EA has announced the date and time of its E3 2017 satellite event, which inspired us to wonder just what it has lined up for this year.
EA will host its own event on the outskirts of E3 2017, the publisher has announced.
This year's EA Play event will be held June 10 through 12 at the Hollywood Palladium. That means EA games won't be on the E3 2017 show floor itself, where booth hire is horrendously expensive, unless they're on show at Microsoft and Sony stands.
As usual, EA will host a press conference and livestream it to everyone in what has become a much more convenient way to experience all the news, announcements and new trailers from E3. You can sign up with EA for notifications on its schedule.
But what will the publisher have to show? We scratched our heads a bit and came up with some speculation.
With any luck we'll get at least an early look at Visceral's Star Wars game, even if it doesn't make release this year.
Star Wars Battlefront 2 is slated for a holiday 2017 release, so it will almost certainly be at E3 2017.
The annual sports games will get an airing, with FIFA 18, along with the as yet untitled FIFA game for Switch, Madden NFL 18, NHL 18 and possibly EA Sports UFC 18 if the series hasn't been thrown on the scrap heap yet.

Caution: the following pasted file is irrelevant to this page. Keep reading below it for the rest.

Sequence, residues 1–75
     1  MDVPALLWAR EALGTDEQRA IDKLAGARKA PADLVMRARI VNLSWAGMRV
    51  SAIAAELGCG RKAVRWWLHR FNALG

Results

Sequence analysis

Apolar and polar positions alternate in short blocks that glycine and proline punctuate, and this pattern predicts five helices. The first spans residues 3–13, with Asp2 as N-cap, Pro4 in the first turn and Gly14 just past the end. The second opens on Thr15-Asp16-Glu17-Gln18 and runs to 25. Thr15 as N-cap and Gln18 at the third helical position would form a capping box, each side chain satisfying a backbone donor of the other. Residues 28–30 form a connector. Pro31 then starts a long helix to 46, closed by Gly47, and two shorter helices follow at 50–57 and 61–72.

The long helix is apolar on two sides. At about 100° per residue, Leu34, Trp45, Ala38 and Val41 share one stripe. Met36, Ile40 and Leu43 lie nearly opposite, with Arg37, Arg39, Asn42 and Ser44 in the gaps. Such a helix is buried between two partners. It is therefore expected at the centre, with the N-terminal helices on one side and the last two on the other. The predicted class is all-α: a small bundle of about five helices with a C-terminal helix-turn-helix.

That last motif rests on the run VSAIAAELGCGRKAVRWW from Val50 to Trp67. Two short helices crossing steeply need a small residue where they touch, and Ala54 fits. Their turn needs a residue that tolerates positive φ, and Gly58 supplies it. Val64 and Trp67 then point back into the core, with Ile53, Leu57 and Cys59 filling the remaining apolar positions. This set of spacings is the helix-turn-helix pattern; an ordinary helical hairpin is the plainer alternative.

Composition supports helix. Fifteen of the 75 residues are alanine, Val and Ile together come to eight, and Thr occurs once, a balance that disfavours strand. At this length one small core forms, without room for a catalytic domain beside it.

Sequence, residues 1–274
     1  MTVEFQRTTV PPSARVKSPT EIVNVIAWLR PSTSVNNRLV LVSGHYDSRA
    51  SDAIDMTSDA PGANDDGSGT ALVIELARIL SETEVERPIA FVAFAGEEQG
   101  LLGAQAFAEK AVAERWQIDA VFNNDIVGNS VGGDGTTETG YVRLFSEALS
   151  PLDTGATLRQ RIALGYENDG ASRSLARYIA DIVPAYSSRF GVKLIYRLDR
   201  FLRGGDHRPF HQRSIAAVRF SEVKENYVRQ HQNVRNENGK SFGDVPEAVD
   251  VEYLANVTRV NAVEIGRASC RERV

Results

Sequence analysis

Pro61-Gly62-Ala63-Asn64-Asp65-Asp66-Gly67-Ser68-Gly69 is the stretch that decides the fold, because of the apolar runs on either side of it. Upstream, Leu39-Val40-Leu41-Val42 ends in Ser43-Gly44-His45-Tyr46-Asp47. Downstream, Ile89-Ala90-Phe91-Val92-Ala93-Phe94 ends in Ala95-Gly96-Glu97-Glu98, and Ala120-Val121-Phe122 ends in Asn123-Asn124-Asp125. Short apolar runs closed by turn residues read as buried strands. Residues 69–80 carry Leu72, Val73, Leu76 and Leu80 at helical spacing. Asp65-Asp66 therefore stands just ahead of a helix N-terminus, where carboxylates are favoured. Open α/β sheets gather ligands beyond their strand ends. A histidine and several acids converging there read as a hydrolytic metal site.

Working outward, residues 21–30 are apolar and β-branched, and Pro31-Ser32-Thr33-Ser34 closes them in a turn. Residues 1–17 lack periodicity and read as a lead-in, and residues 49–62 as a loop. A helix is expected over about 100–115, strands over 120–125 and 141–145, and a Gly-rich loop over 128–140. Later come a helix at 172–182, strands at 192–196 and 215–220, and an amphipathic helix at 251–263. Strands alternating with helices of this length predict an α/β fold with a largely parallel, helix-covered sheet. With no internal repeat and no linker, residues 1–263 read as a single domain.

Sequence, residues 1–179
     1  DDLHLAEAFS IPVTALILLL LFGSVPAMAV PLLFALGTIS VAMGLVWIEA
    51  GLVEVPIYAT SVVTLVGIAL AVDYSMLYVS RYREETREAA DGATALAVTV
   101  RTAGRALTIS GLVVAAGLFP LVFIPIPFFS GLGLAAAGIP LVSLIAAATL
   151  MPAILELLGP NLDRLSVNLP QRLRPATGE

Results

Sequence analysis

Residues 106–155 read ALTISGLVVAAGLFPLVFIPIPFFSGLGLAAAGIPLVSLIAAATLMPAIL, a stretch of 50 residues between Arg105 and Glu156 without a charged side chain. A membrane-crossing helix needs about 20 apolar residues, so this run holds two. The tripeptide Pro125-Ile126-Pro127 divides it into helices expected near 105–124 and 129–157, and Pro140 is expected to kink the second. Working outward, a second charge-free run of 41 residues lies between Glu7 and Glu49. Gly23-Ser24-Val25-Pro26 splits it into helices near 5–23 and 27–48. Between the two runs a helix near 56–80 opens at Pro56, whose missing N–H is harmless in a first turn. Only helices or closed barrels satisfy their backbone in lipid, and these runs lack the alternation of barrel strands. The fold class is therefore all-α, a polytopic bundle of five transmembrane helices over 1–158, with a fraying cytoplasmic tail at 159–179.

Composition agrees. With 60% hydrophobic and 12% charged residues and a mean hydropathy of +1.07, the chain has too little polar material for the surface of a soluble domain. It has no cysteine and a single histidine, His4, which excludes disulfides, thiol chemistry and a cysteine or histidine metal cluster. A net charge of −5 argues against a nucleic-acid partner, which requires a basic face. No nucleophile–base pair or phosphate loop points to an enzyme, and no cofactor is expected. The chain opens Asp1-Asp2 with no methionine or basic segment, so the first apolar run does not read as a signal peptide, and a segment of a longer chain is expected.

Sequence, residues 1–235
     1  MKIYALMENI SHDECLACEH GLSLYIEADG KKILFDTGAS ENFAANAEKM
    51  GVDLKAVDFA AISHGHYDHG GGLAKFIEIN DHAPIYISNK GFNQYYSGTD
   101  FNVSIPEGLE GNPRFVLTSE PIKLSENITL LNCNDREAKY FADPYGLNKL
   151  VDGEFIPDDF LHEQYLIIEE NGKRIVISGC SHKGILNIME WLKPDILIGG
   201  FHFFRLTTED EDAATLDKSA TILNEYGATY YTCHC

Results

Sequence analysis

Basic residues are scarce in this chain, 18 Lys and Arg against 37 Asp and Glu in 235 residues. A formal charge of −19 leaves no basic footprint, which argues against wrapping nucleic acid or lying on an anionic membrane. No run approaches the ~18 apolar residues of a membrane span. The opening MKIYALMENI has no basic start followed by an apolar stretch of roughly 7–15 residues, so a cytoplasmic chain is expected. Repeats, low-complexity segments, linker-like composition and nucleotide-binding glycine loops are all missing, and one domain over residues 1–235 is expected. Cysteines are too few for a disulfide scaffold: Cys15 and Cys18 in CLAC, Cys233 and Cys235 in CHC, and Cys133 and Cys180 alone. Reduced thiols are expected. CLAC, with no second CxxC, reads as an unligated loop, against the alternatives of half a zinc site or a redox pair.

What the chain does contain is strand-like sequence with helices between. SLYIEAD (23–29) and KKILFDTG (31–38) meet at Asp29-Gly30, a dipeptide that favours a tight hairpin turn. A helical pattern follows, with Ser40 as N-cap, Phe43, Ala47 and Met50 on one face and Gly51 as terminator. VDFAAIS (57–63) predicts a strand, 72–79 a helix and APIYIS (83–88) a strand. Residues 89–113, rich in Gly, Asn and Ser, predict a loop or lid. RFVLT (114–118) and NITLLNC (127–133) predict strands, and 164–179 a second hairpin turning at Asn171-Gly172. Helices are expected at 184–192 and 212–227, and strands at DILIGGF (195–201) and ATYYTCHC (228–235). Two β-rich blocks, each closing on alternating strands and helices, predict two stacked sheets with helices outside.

Mass Effect: Andromeda releases in March, so we might get a look at some future DLC or expansions. Similarly, we could see new content for Battlefield 1 and Titanfall 2.
If Dragon Age 4 follows the same reveal schedule as Mass Effect: Andromeda, which first showed more than two years before release in the form of an amazingly uncommunicative video, we might see some early concept art and get the game in 2020. I'm hoping BioWare is moving a bit quicker than that, though.
There'll almost certainly be something embarrassing like another Plants vs Zombies spin-off or some sort of dancing game, because no E3 is complete without one of those from each major publisher. It may well be time for another Need for Speed game, or something new from the SimCity and The Sims family, too.
EA will likely surprise us, too, because as predictable as this business is sometimes, shorter PR cycles are becoming really fashionable.